Huff, Puff, and Buff that Aluminum
Back To Art's Bikes Main Page
the process of rebuilding my í69 I was forced to deal with the aluminum on the
three cases. They were in
pretty sad condition, partly because the bike had been sitting for so
long and partly due to their age. What follows are the steps
which I took to bring them back to life.
this point I need to make clear several caveats.
if there are any professionals out there or others who have had some
professional experience with aluminum buffing and polishing, please close your
eyes. Donít read any farther. What follows is for rank amateurs like myself.
After reading about what I went through there may be some who say ďwhat on
earth would I want to do that for? Iíll just take it to some one and have it
done right!Ē To those folks I will respond that they are absolutely right.
There is nothing wrong with that approach. If you are one of those who would
rather be out riding than enduring mind numbing drudgery you wonít get any
argument from me. If, on the other hand, you are working on a budget, would
rather spend that extra money that it costs [to pay a professional to do it
ďrightĒ] on extra new parts for the bike, or just really get a kick out of
being able to say to some one who asks ďyea, I did thatĒ then youíre some
one with whom I can relate.
if you do decide to buff and polish the cases (or even have them polished) you
have to know that unless some one knows how to keep from having to continually
maintain them ,you are letting your self in for an endless routine of
boy is this a lot of work.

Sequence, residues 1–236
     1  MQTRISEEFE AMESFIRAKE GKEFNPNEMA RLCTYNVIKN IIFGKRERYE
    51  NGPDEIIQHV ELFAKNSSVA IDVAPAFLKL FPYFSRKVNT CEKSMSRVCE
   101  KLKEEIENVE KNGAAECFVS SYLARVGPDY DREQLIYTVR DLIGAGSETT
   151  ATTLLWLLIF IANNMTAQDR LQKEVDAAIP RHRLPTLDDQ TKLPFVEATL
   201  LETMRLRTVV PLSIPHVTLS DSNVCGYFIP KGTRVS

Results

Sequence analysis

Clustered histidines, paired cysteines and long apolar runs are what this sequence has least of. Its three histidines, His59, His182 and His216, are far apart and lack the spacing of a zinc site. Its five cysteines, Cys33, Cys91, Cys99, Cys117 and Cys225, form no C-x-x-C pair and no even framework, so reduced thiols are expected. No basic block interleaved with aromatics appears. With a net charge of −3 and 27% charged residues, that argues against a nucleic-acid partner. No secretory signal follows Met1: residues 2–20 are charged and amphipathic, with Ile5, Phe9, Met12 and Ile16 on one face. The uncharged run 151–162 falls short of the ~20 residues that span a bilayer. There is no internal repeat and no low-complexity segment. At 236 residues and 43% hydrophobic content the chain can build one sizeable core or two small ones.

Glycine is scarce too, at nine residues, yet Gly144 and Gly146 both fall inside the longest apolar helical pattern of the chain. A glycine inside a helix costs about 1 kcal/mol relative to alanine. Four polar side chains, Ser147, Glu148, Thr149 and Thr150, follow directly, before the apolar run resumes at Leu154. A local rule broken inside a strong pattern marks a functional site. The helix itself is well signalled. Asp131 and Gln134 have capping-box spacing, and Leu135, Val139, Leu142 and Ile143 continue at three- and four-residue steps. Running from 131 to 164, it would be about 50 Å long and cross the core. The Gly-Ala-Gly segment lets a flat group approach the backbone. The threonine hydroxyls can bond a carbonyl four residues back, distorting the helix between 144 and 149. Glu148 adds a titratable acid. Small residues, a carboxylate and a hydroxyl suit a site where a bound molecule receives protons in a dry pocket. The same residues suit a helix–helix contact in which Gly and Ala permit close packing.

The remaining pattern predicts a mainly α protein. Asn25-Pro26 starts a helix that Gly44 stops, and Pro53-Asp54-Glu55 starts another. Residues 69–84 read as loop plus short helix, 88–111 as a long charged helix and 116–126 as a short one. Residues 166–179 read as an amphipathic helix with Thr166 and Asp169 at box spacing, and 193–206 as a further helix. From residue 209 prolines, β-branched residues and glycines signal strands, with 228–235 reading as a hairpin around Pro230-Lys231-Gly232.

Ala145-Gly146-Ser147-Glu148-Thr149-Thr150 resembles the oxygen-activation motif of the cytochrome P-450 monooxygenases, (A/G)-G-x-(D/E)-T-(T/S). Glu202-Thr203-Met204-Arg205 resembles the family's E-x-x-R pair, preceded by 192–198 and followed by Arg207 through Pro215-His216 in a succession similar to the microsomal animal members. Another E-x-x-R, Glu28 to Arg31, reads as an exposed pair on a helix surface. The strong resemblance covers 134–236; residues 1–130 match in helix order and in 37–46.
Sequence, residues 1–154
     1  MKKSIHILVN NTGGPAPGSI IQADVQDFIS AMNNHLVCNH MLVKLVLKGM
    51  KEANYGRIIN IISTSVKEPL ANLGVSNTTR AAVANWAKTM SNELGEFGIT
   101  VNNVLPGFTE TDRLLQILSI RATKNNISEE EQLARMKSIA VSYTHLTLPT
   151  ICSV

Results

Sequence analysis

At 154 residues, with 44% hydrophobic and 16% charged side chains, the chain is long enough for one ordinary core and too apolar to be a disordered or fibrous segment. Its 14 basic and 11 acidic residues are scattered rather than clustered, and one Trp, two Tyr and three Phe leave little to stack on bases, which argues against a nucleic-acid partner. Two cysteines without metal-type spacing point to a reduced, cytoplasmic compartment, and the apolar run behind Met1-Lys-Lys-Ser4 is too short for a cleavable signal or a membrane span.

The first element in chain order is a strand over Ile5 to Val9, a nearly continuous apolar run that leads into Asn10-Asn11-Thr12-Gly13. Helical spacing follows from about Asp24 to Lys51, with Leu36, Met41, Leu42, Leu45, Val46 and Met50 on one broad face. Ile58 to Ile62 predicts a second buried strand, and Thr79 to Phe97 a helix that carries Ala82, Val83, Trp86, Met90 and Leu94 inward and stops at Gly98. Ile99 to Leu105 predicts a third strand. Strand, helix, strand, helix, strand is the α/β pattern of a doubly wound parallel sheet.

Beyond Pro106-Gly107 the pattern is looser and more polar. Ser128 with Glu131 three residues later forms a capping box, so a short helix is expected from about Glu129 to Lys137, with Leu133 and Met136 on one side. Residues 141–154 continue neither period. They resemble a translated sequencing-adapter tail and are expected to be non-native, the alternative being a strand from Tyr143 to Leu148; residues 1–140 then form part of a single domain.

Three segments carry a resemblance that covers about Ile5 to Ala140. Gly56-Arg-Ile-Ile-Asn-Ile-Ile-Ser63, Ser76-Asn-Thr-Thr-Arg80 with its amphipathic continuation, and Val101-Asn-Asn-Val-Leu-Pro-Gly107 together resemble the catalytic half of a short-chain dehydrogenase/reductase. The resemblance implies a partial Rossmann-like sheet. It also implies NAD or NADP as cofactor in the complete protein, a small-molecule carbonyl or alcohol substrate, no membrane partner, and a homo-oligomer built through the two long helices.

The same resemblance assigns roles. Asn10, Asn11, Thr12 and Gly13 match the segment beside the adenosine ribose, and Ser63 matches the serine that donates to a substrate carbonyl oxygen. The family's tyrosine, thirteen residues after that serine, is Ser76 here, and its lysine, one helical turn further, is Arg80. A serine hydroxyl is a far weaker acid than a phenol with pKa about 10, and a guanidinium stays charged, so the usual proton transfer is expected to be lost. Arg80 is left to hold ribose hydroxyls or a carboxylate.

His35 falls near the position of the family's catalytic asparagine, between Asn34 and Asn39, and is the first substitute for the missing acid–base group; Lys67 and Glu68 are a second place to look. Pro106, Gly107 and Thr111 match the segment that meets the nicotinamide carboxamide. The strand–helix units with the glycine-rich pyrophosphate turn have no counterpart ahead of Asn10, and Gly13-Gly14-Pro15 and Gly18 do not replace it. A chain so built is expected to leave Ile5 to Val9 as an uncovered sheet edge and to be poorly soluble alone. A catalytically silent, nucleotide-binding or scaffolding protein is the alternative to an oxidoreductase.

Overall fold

forth, if the cases are damaged, gouged, dented, ect., you may want to consider
whether you might be better off replacing them with better cores or leaving
them as they are. On the other hand, small dings, casting flaws, and the like
are not too noticeable once the job is done. All in all it will have to be a
judgment call on your part. I found casting holes in my head which were
obviously not going to go away. They arenít bad enough for me to care about.
Some thing else I ran into was tiny pinholes in by transmission case. I kept
trying to remove them only to find more in their place. I finally gave up. Who
knows how deep they would have gone, maybe a few more thousands or maybe all the
way through. At any rate, discretion being the better part of valorÖ.you will
have to decide.
So, if youíre still with me, lets get to it.
a list of tools and materials.
one tool which I donít think I could have done with out was a palm sander. The
one that I have is a Black and Decker ďMouseĒ There are other brands that
are probably just as good but thatís the one that I have. If you donít have
one you will need to buy or borrow one because I donít think your arms and
hands will last with out it. Hardware stores, tool stores, Home Depot, and
Loweís have them for about $30.00. These things are really good for
refinishing furniture so if youíre wise youíll find a chair, table, desk or
what have you around the house and refinish it. Sheíll swear itís a great
tool and be glad you bought it.
you will need sand paper. I know, I know, I can hear it now. WHAT DO YOU INTEND
TO DO WITH THAT! Weíll get to that soon. For the mouse you need medium grit
probably 180 to 220. After that you will need wet and dry paper in the following
grits, 220, 360, 600, 1200, 1500, and 2000. Two to three sheets of each will
probably do but if it is hard to go back and get more you may want to buy a few
extra. The 220 through 600 you can probably get at the auto parts store but the
micro grits you will probably have to get at an automotive paint supply place.
Just a suggestion, NAPA parts stores sometimes have a paint section so thatís
another possibility. If you canít get 360 then 400 will do, if not 1200 then